Chapter 2 presents a study of three black women educators: a portraiture of each woman’s transformative journey is given. One of these women had grown up as a Roman Catholic. Part of her transformational learning involved acknowledging the inadequacy of the Catholic faith for her and abandoning it in favor of a new expression of Christianity which she found generative and liberating. According to the writer of this chapter, transformative learning involved rebelling against her faith, abandoning an old and insufficient way of living, and embracing a new way of seeing the world. Adult transformative learning is often depicted in the eleven chapters as becoming aware of a harmful way of living and discarding it.
The Editor-in-Chief, Catherine M. Wehlburg, wrote that this book regards transformative learning as a “‘rich metaphor’ for exploring the interactions and experiences of students and faculty in higher education” (3). She goes on to write that one will find “many examples of the richness of transformative learning” in this volume (3). I agree. The strength of the volume is its diversity in conceiving of transformative learning and describing some of its possible expressions. These conceptions and expressions are sometimes peculiar and idiosyncratic, but they are always creative and stimulate thought. I found that they beckoned me to stretch the boundaries of my own pedagogical creativity. Further, I found particular pedagogical practices described in the book as ones that I could use in my own teaching with a little adjustment to my context.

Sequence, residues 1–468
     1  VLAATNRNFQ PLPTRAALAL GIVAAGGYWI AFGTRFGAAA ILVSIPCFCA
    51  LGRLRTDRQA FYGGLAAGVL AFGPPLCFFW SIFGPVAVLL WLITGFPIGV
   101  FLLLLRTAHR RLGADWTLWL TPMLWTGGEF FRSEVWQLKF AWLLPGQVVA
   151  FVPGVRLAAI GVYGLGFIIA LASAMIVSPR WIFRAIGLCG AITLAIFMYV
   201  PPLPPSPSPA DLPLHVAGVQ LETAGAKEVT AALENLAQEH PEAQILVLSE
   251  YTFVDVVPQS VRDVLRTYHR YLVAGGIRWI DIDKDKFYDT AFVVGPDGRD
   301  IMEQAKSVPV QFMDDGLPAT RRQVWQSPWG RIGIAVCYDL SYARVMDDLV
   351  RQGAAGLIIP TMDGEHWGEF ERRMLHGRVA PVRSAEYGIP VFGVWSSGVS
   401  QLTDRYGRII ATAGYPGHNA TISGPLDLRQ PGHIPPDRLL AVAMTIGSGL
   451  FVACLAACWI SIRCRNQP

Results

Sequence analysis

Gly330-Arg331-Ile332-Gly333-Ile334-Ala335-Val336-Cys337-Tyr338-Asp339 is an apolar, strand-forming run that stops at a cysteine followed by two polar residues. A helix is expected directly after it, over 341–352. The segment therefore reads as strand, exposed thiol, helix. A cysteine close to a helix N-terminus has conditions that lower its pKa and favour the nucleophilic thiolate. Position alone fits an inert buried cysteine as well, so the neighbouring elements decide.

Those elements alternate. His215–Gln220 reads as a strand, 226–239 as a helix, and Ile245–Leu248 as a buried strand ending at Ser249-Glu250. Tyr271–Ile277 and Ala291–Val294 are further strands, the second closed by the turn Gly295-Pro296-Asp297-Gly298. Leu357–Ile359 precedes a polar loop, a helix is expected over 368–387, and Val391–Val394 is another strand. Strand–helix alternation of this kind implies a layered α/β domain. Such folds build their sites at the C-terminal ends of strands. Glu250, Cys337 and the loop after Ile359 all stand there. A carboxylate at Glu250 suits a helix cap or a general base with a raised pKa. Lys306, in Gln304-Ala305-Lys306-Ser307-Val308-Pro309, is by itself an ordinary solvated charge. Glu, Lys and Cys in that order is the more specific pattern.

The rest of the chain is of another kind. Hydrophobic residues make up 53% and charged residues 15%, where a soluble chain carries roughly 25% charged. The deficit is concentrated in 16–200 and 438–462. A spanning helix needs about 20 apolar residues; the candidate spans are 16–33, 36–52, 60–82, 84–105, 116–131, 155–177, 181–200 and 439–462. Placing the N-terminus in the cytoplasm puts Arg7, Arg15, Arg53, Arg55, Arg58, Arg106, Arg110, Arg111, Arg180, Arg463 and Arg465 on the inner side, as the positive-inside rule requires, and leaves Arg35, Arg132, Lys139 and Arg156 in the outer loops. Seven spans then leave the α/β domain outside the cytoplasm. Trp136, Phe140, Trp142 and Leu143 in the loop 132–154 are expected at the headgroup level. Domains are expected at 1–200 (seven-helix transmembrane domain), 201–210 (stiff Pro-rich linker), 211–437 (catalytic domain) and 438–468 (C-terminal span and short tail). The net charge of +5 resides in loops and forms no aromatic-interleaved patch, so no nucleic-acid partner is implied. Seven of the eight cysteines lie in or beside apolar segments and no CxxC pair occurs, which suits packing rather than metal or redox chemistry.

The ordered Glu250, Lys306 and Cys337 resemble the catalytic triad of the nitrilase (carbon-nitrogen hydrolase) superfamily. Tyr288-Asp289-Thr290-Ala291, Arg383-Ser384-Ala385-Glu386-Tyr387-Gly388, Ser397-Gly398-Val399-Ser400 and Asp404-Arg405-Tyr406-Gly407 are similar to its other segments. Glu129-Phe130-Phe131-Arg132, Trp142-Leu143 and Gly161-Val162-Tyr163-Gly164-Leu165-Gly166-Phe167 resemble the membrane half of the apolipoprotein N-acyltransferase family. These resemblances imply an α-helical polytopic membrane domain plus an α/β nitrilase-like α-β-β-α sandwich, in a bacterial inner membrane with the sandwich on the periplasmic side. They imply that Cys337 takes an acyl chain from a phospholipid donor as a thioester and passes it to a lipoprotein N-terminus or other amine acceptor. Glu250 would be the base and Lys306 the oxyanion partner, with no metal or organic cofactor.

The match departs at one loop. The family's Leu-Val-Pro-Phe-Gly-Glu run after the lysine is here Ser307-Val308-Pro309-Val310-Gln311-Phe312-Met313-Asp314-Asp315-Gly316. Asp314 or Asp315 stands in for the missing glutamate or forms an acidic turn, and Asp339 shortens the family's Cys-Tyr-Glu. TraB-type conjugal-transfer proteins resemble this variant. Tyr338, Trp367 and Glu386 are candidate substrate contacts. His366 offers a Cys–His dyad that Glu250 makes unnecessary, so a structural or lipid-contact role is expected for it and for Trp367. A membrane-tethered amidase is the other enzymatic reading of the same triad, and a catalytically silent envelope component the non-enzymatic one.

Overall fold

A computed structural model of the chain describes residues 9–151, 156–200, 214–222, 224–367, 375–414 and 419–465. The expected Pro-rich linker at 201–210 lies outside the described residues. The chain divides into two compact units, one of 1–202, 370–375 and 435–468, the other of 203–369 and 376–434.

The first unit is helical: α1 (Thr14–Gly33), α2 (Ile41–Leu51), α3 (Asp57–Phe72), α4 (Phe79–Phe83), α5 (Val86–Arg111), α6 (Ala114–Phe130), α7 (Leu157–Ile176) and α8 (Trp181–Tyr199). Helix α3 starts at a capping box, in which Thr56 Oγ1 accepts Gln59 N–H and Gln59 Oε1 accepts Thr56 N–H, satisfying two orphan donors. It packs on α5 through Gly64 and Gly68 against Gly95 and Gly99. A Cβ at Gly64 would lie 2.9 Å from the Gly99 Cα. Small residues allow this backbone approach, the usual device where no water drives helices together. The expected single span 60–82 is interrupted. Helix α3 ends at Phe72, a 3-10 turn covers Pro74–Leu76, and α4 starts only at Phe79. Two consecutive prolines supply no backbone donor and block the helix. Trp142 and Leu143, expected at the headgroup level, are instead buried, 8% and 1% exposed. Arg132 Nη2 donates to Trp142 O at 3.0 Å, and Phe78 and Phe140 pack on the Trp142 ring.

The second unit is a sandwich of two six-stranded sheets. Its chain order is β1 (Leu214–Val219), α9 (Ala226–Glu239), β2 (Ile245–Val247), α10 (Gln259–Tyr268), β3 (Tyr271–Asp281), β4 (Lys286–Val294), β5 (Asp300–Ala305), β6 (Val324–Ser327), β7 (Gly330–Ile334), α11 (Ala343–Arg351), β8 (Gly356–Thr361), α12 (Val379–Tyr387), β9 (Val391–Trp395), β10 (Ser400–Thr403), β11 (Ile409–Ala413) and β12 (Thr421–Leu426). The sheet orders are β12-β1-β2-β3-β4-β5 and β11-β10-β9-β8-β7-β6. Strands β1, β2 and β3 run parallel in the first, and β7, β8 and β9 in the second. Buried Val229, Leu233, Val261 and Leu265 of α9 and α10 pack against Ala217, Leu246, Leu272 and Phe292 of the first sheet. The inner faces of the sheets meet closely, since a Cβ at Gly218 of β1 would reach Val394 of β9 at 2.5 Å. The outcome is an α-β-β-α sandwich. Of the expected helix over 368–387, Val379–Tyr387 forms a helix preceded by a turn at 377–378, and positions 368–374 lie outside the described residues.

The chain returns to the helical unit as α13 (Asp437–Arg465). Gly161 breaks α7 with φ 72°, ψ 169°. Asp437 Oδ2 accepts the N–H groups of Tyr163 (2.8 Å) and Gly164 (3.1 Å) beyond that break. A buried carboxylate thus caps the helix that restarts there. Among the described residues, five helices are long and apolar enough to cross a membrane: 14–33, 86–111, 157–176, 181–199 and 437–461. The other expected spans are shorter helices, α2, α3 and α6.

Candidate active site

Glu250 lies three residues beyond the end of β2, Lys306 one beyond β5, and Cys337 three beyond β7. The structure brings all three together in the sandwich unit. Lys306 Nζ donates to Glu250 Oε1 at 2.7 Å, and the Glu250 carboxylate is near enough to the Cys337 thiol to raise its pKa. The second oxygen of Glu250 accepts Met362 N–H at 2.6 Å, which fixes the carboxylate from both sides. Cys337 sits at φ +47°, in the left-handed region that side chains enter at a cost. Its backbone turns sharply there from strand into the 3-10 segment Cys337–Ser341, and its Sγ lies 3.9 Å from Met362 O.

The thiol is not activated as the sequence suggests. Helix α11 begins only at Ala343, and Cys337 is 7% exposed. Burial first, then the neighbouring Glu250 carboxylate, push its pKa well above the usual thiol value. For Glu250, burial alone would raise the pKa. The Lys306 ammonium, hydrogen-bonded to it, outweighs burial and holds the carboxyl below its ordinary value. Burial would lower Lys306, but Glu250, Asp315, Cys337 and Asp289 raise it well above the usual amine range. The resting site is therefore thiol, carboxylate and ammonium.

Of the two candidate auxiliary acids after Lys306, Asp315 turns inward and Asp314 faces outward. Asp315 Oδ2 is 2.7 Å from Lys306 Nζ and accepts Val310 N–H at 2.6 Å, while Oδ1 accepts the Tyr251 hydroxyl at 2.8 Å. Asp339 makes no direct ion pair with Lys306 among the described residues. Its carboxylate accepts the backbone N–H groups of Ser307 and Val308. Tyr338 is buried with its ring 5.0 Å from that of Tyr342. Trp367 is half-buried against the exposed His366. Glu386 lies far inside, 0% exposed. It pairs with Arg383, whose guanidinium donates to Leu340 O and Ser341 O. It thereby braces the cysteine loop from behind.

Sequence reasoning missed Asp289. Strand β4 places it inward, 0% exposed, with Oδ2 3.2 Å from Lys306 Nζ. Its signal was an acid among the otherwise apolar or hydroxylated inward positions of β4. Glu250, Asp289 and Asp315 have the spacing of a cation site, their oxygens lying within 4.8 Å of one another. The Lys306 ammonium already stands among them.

The chapters are scholarly, concise, and easy to read. One is able to extract useful ideas without wading through lengthy, rambling prose. A weakness of the volume is that nearly every chapter addresses Mezirow’s chief ideas in such a way as to create the feeling of redundancy. The repeated recitation of those ideas is unnecessary and tiring.